I was brought up believing that hell was real, though later in life I’d grown skeptical. It seemed like an idea incompatible with a loving God and with the very idea of Grace.
I’m still not sure that hell exists, but today I admit to being strangely hopeful.
Today I cling to the idea that somewhere beyond this life, there is a place where horrible people pay for the atrocities; where the evil humankind unleashes upon this world is returned to them in kind, and they are finally made personally accountable—where they feel the pain they have inflicted while here.
Today it feels like this world has failed the good people, and maybe hell is the only chance there is for things to be made right.
Because if there indeed is a hell, it will be surely getting more crowded after today.
If there’s a hell it should be probably filled with people who claimed faith in Jesus, while spending the National Day of Prayer stripping the sick of care and the vulnerable of protection—and reveling as if this was a righteous victory.
And if there’s a hell, it should be packed to the rafters with Christians who chose to turn the other way or to be silent as they watched it all happen.
If there is a hell, Donald Trump and Paul Ryan and Mike Pence and Mitch McConnel, and all those who conspired to perpetrate this horror upon our most vulnerable and most at-risk, might actually come to the humility and repentance and decency that they seem incapable of here.
If there’s a hell, they might have to be accountable there, for their willful hatred here—and I want them to be accountable.
If hell exists, this would be precisely why.
Honestly I’m not at all proud of this admission. As a follower of Jesus, I suppose it’s a fairly terrible confession of faith, and that is something I’ll wrestle with and pray through. I’m not condemning anyone simply because of how they worship or who they love. I am wondering whether those who do disregard other lives so callously while claiming Christ, are aware of the irony that my mere suggestion of hell for them, will probably make them bristle with outrage, even though they are regularly in the damnation business. This is not that.
I simply know that right now, things aren’t panning out the way I’d be told they would, the way Jesus promised, and his followers are largely responsible:
The meek are not inheriting the earth, they’re getting the shit kicked out of them.
The mourning are not being comforted it, they’re being handed more grief.
The least are not being loved, they’re being further minimized and silenced.
And yes, I know I’m supposed to believe that love wins and that it conquers all and that it is all you need—but honestly that’s all a tough sell today. Today it all just feels like empty platitudes and pop songs.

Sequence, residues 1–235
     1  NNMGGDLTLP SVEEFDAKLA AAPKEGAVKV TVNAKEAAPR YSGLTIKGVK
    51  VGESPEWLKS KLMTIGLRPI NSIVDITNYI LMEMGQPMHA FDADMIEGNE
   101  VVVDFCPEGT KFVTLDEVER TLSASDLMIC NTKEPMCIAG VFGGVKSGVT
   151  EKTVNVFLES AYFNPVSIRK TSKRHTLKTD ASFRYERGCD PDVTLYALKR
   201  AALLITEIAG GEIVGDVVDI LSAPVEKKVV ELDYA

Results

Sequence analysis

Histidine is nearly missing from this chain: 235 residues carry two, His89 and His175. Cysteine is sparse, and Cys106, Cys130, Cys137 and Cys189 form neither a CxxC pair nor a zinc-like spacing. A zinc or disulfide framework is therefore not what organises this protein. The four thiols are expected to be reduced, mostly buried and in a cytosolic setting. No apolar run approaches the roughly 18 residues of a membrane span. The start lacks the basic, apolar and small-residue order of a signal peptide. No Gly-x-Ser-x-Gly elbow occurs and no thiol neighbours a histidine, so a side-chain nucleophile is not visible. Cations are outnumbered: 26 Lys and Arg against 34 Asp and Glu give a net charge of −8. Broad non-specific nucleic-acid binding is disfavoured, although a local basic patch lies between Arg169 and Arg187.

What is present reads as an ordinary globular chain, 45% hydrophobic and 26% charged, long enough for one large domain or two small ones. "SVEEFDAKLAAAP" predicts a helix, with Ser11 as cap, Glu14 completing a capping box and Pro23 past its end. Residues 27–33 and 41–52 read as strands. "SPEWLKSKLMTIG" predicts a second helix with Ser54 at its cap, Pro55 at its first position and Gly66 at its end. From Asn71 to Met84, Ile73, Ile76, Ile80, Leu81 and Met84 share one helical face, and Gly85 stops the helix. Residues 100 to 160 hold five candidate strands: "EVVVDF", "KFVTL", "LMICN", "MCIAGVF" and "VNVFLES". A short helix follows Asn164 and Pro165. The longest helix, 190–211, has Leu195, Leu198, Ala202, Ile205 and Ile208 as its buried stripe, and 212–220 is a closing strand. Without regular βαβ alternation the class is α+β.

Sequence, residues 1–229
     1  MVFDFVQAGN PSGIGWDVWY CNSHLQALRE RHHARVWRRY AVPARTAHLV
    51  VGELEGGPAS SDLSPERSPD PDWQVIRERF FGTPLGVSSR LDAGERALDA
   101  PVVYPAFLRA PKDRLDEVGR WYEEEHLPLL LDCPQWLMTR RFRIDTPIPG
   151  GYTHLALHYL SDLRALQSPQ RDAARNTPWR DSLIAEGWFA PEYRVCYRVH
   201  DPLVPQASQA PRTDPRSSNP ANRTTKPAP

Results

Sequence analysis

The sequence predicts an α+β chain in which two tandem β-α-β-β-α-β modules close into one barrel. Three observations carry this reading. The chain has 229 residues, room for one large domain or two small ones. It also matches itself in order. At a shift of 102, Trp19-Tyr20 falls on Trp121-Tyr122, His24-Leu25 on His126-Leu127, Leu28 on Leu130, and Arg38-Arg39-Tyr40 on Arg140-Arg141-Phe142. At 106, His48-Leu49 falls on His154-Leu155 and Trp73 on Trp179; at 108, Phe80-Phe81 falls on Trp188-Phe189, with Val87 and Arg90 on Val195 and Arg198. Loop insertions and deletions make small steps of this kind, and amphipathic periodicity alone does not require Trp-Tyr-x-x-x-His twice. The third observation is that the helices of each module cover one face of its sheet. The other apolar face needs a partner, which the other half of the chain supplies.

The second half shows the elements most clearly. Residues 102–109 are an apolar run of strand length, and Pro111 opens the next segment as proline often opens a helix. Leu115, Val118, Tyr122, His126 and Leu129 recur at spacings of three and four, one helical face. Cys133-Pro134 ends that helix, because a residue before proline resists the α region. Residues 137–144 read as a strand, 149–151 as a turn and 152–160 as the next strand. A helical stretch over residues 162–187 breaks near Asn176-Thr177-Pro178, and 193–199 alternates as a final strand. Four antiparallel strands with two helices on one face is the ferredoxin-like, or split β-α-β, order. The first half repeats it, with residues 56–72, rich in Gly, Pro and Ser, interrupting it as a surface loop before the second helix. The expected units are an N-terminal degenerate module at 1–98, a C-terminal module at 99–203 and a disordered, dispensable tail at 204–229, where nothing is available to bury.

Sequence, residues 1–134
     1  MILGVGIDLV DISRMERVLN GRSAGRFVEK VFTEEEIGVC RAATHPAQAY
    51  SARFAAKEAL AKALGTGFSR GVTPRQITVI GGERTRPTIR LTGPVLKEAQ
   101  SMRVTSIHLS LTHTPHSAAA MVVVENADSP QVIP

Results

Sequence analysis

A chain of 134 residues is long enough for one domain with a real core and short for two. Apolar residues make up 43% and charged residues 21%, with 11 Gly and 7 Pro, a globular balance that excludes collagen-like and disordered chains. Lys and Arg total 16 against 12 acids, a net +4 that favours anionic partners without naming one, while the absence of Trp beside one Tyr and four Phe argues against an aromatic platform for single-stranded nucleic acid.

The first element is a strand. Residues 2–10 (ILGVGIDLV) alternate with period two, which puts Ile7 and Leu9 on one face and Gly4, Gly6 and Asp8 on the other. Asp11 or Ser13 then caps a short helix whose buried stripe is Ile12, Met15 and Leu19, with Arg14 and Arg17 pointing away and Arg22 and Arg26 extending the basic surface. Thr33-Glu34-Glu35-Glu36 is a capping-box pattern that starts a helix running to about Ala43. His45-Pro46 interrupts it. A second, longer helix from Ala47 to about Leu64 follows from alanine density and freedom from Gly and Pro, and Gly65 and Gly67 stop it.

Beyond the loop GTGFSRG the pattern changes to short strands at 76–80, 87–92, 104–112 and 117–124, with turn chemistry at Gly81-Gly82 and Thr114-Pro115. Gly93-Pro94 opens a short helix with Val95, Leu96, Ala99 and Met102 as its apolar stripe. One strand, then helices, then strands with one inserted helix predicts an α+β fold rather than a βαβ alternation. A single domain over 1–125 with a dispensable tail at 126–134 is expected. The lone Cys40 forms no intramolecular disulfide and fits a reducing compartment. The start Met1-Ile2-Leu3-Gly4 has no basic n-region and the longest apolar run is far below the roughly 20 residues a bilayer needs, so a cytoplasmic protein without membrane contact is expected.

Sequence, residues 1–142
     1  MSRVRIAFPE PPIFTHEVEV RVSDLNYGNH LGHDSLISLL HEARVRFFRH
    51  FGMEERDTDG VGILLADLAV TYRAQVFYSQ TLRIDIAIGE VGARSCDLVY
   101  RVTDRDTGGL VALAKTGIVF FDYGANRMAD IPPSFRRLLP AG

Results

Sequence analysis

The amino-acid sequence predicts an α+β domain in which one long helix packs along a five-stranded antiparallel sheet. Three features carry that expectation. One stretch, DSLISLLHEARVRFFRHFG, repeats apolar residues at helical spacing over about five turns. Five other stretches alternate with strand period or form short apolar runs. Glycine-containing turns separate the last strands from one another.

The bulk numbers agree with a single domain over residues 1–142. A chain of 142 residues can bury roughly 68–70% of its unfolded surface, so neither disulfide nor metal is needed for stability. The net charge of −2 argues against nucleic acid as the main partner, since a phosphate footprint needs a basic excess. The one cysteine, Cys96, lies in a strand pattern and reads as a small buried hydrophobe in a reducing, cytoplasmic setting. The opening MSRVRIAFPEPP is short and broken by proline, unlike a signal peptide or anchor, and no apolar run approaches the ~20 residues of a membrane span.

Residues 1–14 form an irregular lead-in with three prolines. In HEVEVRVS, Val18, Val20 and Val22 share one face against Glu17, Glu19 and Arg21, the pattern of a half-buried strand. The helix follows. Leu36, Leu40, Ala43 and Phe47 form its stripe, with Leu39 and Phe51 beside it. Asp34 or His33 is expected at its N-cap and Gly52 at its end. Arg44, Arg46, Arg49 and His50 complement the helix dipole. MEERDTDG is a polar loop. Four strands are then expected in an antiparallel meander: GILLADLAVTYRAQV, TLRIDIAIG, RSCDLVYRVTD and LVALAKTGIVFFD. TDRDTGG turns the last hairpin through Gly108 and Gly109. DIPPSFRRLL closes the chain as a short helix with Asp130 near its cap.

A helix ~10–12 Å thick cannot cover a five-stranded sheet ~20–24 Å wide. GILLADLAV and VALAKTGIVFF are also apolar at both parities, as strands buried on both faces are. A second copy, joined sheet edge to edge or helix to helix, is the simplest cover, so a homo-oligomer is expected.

And platitudes and pop songs won’t remove a tumor.
They won’t protect transgender teenagers from being driven to self-harm.
They won’t save a dying infant.
They won’t keep families of gay children from harassment in their neighborhoods and churches.
They won’t care for an elderly widow at the end of her life.
And so love alone feels tragically insufficient.
It is still my calling and my aspiration, and tomorrow I’ll be standing again in the bloody trenches alongside my like-hearted brothers and sisters who believe that good people can alter the planet—but today that doesn’t feel like enough. That doesn’t feel like the story.
Today the story, is that hateful people do hateful things to other people and they do all it believing God is good with it.
Today the story, is that not all people are decent or compassionate or merciful.
Today the story is that the sick and the poor and the different and the vulnerable are being trod upon.
And I hate this story, because too many innocent people are suffering in real-time because of it. Too many people are enduring a living hell in their daily lives.
And so yes, right now I look at this day and this life and this world, and it feels like the bad people are winning, and I want those people to understand how much hurt they are manufacturing. And since they don’t seem to care very much at all, I want to believe that they will one day face their Maker and the mirror and the blood upon their hands.
And so as much as it pains me to say it—today I’m kinda hoping there is a hell.
(Note: Obviously I don’t wish eternal torment on anyone. In fact, the idea that anyone can condemn anyone else is something I have been pushing back against for years here. This is about the deep anger and the profound disconnect that results from people who claim to believe in Jesus, putting other people through hell here by removing their access to healthcare. If you’re a Christian, and the framing of this piece is more offensive to you than that reality—that may be something you’ll want to consider. Maybe we’re all in this together, and we should stop be horrible to one another.)